Assignment - Respond to your peer review

You probably have some feedback from other students and possibly other Wikipedians. It's time to work with that feedback to improve your article!

  • Read Editing Wikipedia pages 12 and 14.
  • Return to your draft or article and think about the suggestions. Decide which ones to start implementing. Reach out to your instructor or your Content Expert if you have any questions.

Week 7

Course meetings
Tuesday, 4 April 2017   |   Friday, 7 April 2017
Assignment - Begin moving your work to Wikipedia

Once you've made improvements to your article based on peer review feedback, it's time to move your work to Wikipedia proper - the "mainspace."

Editing an existing article?

  • NEVER copy and paste your draft of an article over the entire article. Instead, edit small sections at a time.
  • Copy your edits into the article. Make many small edits, saving each time, and leaving an edit summary. Never replace more than one to two sentences without saving!

Creating a new article?

  • Read Editing Wikipedia page 13, and follow those steps to move your article from your Sandbox to Mainspace.
  • You can also review the [[../../../training/students/sandboxes|Sandboxes and Mainspace]] online training.

Week 8

Course meetings
Tuesday, 11 April 2017   |   Friday, 14 April 2017
Assignment - Continue improving your article

Do additional research and writing to make further improvements to your article, based on suggestions and your own critique.

  • Read Editing Wikipedia page 12 to see how to create links from your article to others, and from other articles to your own. Try to link to 3–5 articles, and link to your article from 2–3 other articles.
Assignment - Polish your work

Continue to expand and improve your work, and format your article to match Wikipedia's tone and standards. Remember to contact your Content Expert at any time if you need further help!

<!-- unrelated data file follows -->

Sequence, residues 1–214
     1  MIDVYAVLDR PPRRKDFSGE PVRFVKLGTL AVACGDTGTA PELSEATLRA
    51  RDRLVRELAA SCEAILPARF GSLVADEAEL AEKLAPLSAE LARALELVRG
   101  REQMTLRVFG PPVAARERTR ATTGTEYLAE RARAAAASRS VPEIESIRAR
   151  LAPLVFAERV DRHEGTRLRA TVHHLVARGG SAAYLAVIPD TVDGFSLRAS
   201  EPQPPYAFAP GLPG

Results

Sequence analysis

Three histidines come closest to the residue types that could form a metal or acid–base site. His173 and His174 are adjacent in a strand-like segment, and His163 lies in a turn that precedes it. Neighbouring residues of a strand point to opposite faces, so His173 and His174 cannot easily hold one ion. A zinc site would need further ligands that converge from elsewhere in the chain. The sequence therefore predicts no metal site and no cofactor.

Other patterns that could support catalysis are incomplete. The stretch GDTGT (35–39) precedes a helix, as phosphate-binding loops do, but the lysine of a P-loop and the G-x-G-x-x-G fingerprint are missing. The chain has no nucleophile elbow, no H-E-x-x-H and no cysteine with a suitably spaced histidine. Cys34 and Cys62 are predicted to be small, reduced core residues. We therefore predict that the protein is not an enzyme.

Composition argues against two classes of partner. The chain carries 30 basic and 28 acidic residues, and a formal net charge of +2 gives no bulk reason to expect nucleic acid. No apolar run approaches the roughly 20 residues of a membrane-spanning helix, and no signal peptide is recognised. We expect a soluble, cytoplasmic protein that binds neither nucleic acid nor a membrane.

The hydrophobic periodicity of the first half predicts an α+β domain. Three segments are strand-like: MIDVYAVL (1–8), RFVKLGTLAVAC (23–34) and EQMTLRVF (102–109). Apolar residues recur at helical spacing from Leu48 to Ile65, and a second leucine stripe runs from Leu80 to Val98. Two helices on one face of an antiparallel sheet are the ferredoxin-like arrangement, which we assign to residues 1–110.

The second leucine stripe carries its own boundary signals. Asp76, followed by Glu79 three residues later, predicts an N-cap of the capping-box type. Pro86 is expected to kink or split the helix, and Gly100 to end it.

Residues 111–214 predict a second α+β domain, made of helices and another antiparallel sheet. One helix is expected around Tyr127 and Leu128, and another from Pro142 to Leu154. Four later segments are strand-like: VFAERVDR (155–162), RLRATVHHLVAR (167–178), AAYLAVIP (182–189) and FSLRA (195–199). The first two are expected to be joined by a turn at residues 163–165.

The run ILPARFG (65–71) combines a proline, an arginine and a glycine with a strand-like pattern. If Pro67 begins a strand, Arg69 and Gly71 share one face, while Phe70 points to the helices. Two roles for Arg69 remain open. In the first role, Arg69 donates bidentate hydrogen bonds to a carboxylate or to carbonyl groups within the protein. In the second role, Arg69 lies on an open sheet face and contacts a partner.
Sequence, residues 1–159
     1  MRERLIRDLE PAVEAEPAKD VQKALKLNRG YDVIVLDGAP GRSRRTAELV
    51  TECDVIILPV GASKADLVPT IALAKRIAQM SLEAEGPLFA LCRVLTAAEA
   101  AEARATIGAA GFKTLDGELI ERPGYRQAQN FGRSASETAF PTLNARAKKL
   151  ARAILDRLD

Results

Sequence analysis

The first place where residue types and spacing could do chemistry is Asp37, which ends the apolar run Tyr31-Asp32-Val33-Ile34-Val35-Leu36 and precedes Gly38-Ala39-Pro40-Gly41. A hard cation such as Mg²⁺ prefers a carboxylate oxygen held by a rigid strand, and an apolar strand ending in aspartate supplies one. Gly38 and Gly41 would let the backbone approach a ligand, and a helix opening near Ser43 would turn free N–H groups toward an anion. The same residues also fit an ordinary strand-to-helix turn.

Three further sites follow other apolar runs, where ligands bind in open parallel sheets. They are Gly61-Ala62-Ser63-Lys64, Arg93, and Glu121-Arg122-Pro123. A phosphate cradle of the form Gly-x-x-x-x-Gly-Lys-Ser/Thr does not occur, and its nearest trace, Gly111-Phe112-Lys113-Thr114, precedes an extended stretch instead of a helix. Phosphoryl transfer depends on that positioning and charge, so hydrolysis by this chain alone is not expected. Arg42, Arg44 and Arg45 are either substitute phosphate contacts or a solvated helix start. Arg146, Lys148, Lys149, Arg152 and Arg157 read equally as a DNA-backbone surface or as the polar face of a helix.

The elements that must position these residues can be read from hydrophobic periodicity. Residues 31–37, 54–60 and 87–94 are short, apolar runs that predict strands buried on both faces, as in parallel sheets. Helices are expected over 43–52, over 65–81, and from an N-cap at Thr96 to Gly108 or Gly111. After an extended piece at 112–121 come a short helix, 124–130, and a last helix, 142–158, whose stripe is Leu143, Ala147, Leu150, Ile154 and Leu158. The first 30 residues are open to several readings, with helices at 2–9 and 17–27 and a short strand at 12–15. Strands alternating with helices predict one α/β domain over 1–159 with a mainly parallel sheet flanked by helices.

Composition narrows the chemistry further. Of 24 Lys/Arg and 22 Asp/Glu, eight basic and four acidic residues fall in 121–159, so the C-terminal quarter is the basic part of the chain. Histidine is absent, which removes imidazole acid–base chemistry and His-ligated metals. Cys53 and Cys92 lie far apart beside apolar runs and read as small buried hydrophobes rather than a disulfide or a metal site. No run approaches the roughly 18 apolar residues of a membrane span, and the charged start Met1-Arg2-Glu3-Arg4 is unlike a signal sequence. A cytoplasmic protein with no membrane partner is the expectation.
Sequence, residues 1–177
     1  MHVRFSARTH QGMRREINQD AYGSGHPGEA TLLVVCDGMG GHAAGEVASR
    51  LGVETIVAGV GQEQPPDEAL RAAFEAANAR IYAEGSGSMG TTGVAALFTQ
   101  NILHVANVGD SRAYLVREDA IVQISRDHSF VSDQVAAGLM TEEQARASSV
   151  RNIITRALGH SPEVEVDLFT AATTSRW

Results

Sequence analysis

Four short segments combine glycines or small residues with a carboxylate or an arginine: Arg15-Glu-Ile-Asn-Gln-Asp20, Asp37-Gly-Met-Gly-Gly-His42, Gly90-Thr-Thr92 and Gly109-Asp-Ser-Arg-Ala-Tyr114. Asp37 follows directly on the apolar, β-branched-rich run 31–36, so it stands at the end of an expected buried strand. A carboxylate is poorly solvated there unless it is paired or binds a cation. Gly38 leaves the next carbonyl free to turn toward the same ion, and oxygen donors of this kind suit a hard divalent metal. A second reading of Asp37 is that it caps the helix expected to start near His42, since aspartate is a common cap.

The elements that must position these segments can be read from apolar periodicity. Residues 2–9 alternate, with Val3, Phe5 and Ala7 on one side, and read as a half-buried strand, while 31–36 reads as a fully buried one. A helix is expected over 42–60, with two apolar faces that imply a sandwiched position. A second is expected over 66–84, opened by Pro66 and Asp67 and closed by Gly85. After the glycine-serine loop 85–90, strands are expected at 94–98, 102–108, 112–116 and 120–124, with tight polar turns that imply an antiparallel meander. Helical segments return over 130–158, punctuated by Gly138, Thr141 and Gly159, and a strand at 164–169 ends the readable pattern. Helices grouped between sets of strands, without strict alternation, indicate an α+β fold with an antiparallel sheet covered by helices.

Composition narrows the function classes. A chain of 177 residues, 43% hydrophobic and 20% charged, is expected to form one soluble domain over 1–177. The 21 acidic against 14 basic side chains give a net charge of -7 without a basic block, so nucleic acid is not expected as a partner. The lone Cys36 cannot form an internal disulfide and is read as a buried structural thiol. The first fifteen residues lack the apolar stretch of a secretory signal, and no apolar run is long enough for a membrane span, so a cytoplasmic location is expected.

Week 9

Course meetings
Tuesday, 18 April 2017   |   Friday, 21 April 2017
Assignment - Final article

It's the final week to develop your article.

  • Read Editing Wikipedia page 15 to review a final check-list before completing your assignment.
  • Don't forget that you can ask for help from your Content Expert at any time!
Assignment - Reflective essay

Write a reflective essay (2–5 pages) on your Wikipedia contributions.

Consider the following questions as you reflect on your Wikipedia assignment:

  • Critiquing articles: What did you learn about Wikipedia during the article evaluation? How did you approach critiquing the article you selected for this assignment? How did you decide what to add to your chosen article?
  • Summarizing your contributions: include a summary of your edits and why you felt they were a valuable addition to the article. How does your article compare to earlier versions?
  • Peer Review: If your class did peer review, include information about the peer review process. What did you contribute in your review of your peers article? What did your peers recommend you change on your article?
  • Feedback: Did you receive feedback from other Wikipedia editors, and if so, how did you respond to and handle that feedback?
  • Wikipedia generally: What did you learn from contributing to Wikipedia? How does a Wikipedia assignment compare to other assignments you've done in the past? How can Wikipedia be used to improve public understanding of our field/your topic? Why is this important?

Everyone should have finished all of the work they'll do on Wikipedia, and be ready for grading.